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RAD 1801: Pilot Study of Intra-Urethral Radiotransponder Beacon Guided Focal Prostate Stereotactic Body Radiotherapy (RAD1801)

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ClinicalTrials.gov Identifier: NCT03458234
Recruitment Status : Recruiting
First Posted : March 8, 2018
Last Update Posted : April 7, 2020
Sponsor:
Information provided by (Responsible Party):
Andrew McDonald, University of Alabama at Birmingham

Brief Summary:
This study offers focal therapy for prostate cancer by using an intra-urethral radiotransponder temporarily placed during radiotherapy. The study aims to improve the risk-benefit ratio of therapy for early prostate cancer and potentially lessen symptom burden over time.

Condition or disease Intervention/treatment Phase
Prostate Cancer Device: 16 French Foley Catheter Not Applicable

Detailed Description:
This study offers focal stereotactic body radiotherapy for prostate cancer by using an intra-urethral radiotransponder placed temporarily during each of the 5 radiotherapy treatments. The study aims to improve the risk-benefit ratio of therapy for early prostate cancer and potentially lessen symptom burden over time while also accessing early efficacy, late toxicity, and overall quality of life post-treatment. Patients will be followed for 24 months (2 years) with follow-up appointments at 3, 6, 9, 12, 18, and 24 months.

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Study Type : Interventional  (Clinical Trial)
Estimated Enrollment : 10 participants
Allocation: N/A
Intervention Model: Single Group Assignment
Masking: None (Open Label)
Primary Purpose: Treatment
Official Title: Pilot Study of Intra-Urethral Radiotransponder Beacon Guided Focal Prostate Stereotactic Body Radiotherapy
Actual Study Start Date : January 28, 2020
Estimated Primary Completion Date : August 2022
Estimated Study Completion Date : August 2022

Resource links provided by the National Library of Medicine

MedlinePlus related topics: Prostate Cancer

Arm Intervention/treatment
Experimental: Focal SBRT with intra-urethral radiotransponder
This study will enroll patients that have a confirmed histology of prostate cancer. They will undergo a 3T MRI scan as well as a CT simulation with 16 French Foley Catheter containing dummy beacons for treatment planning purposes. The patient will then receive focal stereotactic body radiotherapy (SBRT) at a dose of 40 gy in 5 total fractions. Patients will be followed for 24 total months with specific follow-ups at 3, 6, 9, 12, 18, and 24 months.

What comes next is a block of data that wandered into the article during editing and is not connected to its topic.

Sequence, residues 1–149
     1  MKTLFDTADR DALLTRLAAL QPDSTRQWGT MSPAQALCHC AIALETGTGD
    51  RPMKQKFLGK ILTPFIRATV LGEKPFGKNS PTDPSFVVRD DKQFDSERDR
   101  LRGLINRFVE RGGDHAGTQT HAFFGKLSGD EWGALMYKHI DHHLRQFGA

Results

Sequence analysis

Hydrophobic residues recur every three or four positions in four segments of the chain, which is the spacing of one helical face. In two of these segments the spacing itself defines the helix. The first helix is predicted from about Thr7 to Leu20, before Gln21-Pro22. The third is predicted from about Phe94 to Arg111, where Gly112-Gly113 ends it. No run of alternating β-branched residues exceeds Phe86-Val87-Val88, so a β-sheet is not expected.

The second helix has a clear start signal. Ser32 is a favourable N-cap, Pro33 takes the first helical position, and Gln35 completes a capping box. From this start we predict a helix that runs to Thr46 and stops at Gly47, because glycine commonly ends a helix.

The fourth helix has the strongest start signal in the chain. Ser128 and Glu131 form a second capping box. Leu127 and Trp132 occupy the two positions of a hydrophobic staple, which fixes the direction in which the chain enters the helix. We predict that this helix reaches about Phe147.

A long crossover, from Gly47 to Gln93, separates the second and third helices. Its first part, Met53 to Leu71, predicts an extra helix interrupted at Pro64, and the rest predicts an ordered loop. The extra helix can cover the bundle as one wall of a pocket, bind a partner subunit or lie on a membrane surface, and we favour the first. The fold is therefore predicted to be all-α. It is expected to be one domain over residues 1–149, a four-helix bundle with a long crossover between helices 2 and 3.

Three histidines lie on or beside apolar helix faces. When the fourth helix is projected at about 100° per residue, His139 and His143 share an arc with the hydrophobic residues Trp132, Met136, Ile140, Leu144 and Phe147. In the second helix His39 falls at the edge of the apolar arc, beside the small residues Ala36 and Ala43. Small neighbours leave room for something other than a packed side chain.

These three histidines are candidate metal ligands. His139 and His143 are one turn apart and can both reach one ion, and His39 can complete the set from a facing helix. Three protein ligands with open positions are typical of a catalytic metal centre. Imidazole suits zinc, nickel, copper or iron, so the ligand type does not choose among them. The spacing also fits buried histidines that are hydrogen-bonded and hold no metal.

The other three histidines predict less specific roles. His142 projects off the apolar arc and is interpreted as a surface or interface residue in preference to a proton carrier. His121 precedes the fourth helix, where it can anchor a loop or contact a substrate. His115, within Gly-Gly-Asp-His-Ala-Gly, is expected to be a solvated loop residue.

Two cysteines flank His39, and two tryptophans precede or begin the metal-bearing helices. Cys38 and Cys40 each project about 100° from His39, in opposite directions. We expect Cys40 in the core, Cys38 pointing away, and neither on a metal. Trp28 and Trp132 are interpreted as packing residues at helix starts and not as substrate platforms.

Device: 16 French Foley Catheter

A Foley catheter is a medical apparatus that creates a passageway for the drainage and collection of urine. This type of catheter is made of a pliable material that indwells into an individual's bladder by way of the urethra.

Featuring two separate channels down the tube, Foley catheters allow absolute stability and safe extraction. One channel of the catheter, by method of a balloon, is stabilized in a bladder; the other channel allows for the passage and collection of urine, by means of a leg bag or bedside drainage bag.

Foley catheters are usually constructed out of either silicone or latex.





Primary Outcome Measures :
  1. Confirm the feasibility of focal prostate stereotactic body radiotherapy (SBRT) with real time guidance by intra-urethral radiotransponder beacons. [ Time Frame: 2 years ]
    Confirm the technical feasibility of using focal prostate stereotactic body radiotherapy (SBRT) instead of traditional treatment methods using a 16-french Foley catheter and real time guidance by intra-urethral radiotransponder beacons.Feasibility will be defined as the ability of the treatment to take place as planned.


Secondary Outcome Measures :
  1. Assess early efficacy [ Time Frame: Within 6 months of completion of radiation therapy ]
    Clinically assess early efficacy for men receiving focal prostate SBRT for low and low-intermediate risk prostate cancer.Efficacy will be defined as the absence of biochemically detected (via PSA lab testing) prostate cancer or clinically detected prostate cancer

  2. Assess late toxicity [ Time Frame: Within 6 months of completion of radiation therapy ]